The Lost Child – Nintendo Switch – Review

Game: The Lost Child
System: Nintendo Switch
Developer: Crim
Publisher: NISA
Price:$49,99/ € 49,99/£ 49.,99/$79.95 (AU)

Overall Feeling: I’m not sure

(Review code kindly provided by NISA)

The Lost Child is a dungeon-crawler RPG. It released in America on the 19th of June, Europe the 22nd and will come to Australia on the 6th of July. It is a spin-off of the 2011 action game El-Shaddai.

Heaven From Hell

The game’s protagonist Hayato, is a journalist for an occult magazine. While investigating a rumored cause of train accidents he nearly has one himself. A mysterious woman saves him and hands him an odd briefcase. Soon after, Lua follows him around calling herself an angel and him the chosen one. While mostly ignoring her, Hayato continues on with his investigations.

You end up in a fight, and Lua instructs you to open the case, which contains a gun called the Gangour and a tablet. After beating the monster with your tripod, you use the Gangour which captures the demon.

The story is largely presented in visual novel style, with some dialogue choices. The dialogue choices can net you good, evil or dual karma. These choices do not otherwise impact the story and there is only one ending.

I Can Be Your Angel

The game play takes place in Layers, which are hiding places for demons. This is the typical dungeon crawling turn based fair with a couple extra mechanics. Hostility, is measured by the eye on the bottom of your character display. Going from blue, to purple, to red and spinning it shows how likely a character is to be attacked. This is useful to know when to block.

You can also collect demons, and other beings which are then called Astrals. This is done by using the Astral Burst when it has charged up. The meter is displayed at the top of the screen, when you attack if fills up. The burst meter can overflow, which means you cannot use the Astral Burst. Then using the tablet menu you purify them with karma. Karma is also earned by defeating enemies.

Lua and Hayato level up through experience but Astrals do not. You have to use your Karma to Levhell them. Any type can be used on your Astral but Evil is best for demons, as it is more efficient. Once your Astral is max level you can EVILve them using items, a couple of times. This resets their level so you have to feed them with Karma again but overall it makes them stronger.

Or Your Devil

You can have three Astrals equipped to your active party. Plus an extra six can be sub members. Switching between sub and main costs nothing and can be done in between battle. If an Astral falls, it has to be purified again. When inside a layer, adding an Astral to the party uses a battery charge of which there are ten.  If Hayato dies, it is game over, unless you pay Keziah money or karma to return to or before the battle.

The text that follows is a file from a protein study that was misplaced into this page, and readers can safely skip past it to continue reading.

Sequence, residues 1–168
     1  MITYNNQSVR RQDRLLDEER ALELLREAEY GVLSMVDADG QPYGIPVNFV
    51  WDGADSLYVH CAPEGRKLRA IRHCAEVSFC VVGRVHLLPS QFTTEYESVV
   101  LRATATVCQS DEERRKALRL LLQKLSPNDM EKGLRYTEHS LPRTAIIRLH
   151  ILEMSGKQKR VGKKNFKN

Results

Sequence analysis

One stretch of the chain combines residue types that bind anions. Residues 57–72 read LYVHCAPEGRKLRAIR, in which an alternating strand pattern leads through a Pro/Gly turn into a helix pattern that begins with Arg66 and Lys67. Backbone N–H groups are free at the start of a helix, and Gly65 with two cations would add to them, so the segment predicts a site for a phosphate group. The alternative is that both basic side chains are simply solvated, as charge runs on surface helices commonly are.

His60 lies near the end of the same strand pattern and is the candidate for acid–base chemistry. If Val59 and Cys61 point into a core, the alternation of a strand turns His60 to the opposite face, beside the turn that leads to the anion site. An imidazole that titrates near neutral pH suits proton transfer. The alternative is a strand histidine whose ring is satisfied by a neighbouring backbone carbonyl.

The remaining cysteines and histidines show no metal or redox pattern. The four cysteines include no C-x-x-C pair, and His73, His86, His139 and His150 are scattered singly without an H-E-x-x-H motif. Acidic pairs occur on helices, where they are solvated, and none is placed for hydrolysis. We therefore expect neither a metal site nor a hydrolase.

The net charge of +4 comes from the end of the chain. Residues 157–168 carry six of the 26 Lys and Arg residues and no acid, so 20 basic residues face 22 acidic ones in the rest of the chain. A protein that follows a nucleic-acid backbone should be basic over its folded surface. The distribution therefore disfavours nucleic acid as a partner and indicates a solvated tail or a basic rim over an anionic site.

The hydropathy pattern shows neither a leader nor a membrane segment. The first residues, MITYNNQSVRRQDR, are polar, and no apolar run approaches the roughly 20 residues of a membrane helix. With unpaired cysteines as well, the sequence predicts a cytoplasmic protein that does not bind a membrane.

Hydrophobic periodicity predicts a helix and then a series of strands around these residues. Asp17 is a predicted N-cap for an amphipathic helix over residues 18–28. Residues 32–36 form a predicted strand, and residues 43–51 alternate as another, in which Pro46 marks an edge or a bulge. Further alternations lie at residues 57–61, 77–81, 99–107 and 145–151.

Everyone except for Hayato has magic points and skills. These skills are learned through the Fruits of Knowledge System. This means that during battle instead of doing what you choose they will use this skill they just picked up for the first time. I found this far more detrimental than helpful, as they would do this instead of healing themselves or others. There are also some other options for Astral customisation.

Outside of layers is a shop to purchase items, one to appraise equipment you find in the layer, and a bathhouse to gain a temporary buff. As a journalist you can also take on investigations. Which involve interviewing people from the area and then finding something or defeating a certain enemy inside the layer.

Caught In A Maze

Having not played a turn based dungeon crawler before I initially thought it was difficult. This was because I was under the impression that you had to complete a layer in one go. Which is definitely not the case, as you can walk back to the entrance where you will return to your office and completely heal. A little later in the game when money is less tight you can buy a Byahkee Return to instantly return home from any point inside a layer. The map for whatever floor you’re on will show wherever you’ve stepped. For a fair portion of the game I kept the map right in the middle of my screen. A lot of layers can’t be fully explored the first time as you have to come back later when you have a certain item to get past obstacles.

It’s actually quite easy, and this is coming from someone who hadn’t played this genre before. Four hours into the game when I went to change the sound settings I found that there are three difficulties. If you have experience with this genre I would say to play it on Hard. I can’t recommend anyone play it on easy as it’s a complete joke. I tried it at the end, once it actually got difficult, to see if the one-hit knockout move existed in it. As the mid-boss in the second last layer kept using it on the character that’s not allowed to die. She didn’t even last two turns, the regular enemies were much more pathetic.

At the end of the game the difficulty was more that you were more likely to miss, and the encounter rate finally ramped up. Asides from the very last few bosses, I found most of them went down the first try. After the first layer I used the same three Astrals the entire game and never bothered to swap them out. There is a 99 floor layer in the game, which you can access early on. You aren’t allowed to use warp items and if one of your Astrals falls in battle there, only Keziah on the first floor can fix them. If you are looking for a challenge or a place to grind, you can go there.